U.S. military networks are spread out across the world. By consolidating the number of servers, there is the risk that too many users would be stuck on a limited number of high capacity trunk lines flowing into data centers in fewer parts of the world.

“If you have enough users, this could potentially create higher latencies and lower bandwidth speeds which can negatively impact some applications,” Williams said.

Both Williams and Malloy suggested the Pentagon is underestimating the costs associated with transitioning to a cloud computing strategy.

“Relying on creating a “secure” cloud environment as the new DoD funding initiative calls for requires too great of spending on securing the system, without even factoring in transition costs,” Malloy said.

The Pentagon can’t afford not to make those security investments with the U.S. military and government under constant cyber attacks, analysts said. A transition to the cloud computing concept could pose significant advantages for the military’s future, but Williams and Malloy have plenty of doubts the transition will occur safely.

About the Author

Michael Hoffman
Michael Hoffman is the executive editor at Tandem NSI and a contributor to He can be reached at
  • RunningBear

    Hmmm…computer experts urge moving all data to the cloud…computer experts urge data is not protected on the cloud…. both expert groups want more money for studies and programs and “job security, to ad nauseum…”;sounds like someone is chapped, they missed their turn at the “trough”. sickening! :(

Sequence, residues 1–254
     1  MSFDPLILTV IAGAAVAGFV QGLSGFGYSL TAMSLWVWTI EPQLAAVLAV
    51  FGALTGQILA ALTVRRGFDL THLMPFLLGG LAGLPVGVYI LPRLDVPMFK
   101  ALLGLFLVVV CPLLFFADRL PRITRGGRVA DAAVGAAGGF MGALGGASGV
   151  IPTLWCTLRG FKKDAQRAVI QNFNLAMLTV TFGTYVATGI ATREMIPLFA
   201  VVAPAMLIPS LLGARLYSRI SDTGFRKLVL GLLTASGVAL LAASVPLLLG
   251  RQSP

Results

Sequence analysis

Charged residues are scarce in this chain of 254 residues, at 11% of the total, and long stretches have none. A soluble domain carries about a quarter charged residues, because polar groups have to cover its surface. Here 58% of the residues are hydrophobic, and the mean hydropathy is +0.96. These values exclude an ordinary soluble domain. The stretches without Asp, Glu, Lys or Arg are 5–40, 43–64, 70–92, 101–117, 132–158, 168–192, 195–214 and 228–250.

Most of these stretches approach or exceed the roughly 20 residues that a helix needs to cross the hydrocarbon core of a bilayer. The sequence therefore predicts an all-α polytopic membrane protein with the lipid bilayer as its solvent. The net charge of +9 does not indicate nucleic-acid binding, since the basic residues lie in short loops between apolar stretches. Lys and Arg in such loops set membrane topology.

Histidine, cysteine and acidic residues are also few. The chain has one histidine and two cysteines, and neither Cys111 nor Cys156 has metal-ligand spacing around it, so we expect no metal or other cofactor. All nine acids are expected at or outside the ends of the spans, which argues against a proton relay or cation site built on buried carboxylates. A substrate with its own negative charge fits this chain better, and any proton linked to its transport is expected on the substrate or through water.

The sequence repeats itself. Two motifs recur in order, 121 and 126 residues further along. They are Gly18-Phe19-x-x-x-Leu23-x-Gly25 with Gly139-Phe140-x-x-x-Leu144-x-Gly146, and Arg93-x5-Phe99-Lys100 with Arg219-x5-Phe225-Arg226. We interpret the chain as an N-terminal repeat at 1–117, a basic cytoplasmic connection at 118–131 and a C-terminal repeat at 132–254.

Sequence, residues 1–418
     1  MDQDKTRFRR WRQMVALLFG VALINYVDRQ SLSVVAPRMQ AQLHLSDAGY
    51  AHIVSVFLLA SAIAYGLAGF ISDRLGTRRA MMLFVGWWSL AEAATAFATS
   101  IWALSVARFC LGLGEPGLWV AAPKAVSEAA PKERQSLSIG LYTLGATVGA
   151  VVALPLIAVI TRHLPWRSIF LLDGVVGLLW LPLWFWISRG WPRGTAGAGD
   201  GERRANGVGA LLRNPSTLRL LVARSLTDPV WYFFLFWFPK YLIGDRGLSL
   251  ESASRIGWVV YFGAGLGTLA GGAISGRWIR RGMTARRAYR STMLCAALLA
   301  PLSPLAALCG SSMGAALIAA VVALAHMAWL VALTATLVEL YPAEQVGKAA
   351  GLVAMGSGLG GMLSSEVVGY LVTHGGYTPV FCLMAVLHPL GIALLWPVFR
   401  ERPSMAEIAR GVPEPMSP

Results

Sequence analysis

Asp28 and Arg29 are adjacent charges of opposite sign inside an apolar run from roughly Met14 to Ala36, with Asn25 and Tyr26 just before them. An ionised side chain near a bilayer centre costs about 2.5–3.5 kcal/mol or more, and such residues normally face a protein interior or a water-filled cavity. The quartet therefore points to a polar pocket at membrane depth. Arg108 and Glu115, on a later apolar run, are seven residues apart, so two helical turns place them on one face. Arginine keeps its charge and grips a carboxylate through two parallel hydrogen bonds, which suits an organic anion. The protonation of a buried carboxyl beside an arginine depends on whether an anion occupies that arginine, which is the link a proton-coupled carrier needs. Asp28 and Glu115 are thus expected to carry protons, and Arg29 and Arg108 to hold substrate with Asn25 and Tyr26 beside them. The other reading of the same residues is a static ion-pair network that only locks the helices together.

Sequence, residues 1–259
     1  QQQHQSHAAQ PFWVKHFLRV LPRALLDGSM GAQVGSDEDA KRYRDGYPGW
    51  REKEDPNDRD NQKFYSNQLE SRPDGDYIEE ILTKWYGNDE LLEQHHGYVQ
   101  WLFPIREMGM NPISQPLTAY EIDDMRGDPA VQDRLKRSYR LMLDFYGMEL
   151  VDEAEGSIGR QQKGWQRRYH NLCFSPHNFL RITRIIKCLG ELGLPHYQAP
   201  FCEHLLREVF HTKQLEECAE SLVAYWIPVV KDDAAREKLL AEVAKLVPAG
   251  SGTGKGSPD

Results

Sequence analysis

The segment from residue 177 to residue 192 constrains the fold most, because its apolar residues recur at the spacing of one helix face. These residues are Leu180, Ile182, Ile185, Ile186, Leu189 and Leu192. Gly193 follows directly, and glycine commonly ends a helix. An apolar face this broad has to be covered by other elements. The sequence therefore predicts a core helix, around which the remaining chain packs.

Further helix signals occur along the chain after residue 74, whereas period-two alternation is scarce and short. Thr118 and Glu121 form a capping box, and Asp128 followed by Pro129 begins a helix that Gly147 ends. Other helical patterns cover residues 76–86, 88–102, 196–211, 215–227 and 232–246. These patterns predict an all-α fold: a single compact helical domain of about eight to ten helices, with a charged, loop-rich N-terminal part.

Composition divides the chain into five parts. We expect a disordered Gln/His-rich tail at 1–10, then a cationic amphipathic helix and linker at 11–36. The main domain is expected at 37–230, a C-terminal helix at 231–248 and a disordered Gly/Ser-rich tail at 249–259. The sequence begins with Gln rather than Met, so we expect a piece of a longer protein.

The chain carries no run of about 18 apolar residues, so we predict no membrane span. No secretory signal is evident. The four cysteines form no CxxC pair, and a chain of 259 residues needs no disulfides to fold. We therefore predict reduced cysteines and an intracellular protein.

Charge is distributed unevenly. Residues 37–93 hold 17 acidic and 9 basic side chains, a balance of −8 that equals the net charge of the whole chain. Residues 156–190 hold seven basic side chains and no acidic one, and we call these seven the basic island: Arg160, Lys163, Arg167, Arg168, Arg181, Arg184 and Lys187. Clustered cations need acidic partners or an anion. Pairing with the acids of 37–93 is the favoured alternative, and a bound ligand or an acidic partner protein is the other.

• blight_

      If you read The Hacker News enough (THN) it depresses you.

      And they’re covering all the random cyber attacks in the MidEast that DefTech seems to have given up on…for now.

  • Max

    I don’t understand the stupidity of it all. It must be true what the creator of Dilbert said about management being composed of stupid people who get promoted precisely because they’re stupid. Kind of like, birds of a feather…

  • yoyo

    A security system is only as secure as its weakest point…something to keep in mind.

  • Raraavis

    There is no Cloud. There are lots of clouds. Each vendor big and small has their own cloud, as well as most corporations have private clouds that host only their internal data and applications. Essentially all a cloud is, is the consolidation of processing and data to a more centralized location and depending on longer range data links. Data and processing that use to take place in each building gets consolidated a little farther away in a larger data center.

    What scares me about this article is it seems to indicate that the Pentagon isn’t going to be using it’s own private clouds but trusting third party providers with it’s data. This is an incredibly bad idea.

  • John Moore

    More power available at the click of a button is always a good thing.

    Placing secure and secret files on the cloud architecture is not so smart.

    Saying everything is going that way is wrong but it makes sense for some applications.

  • Ranger

    NMCI cannot even keep the Exchange Server up for an entire week without the occasional downtime – meaning you lose email until it’s back up.

    Usually a minor annoyance of a few minutes or so. But if I’m working a serious project on deadline and the necessary program goes offline – THAT is a significant pain in the posterior, including the potential of losing work already done.

    Store on the cloud, maybe. But I want MY programs on MY computer.

  • Bill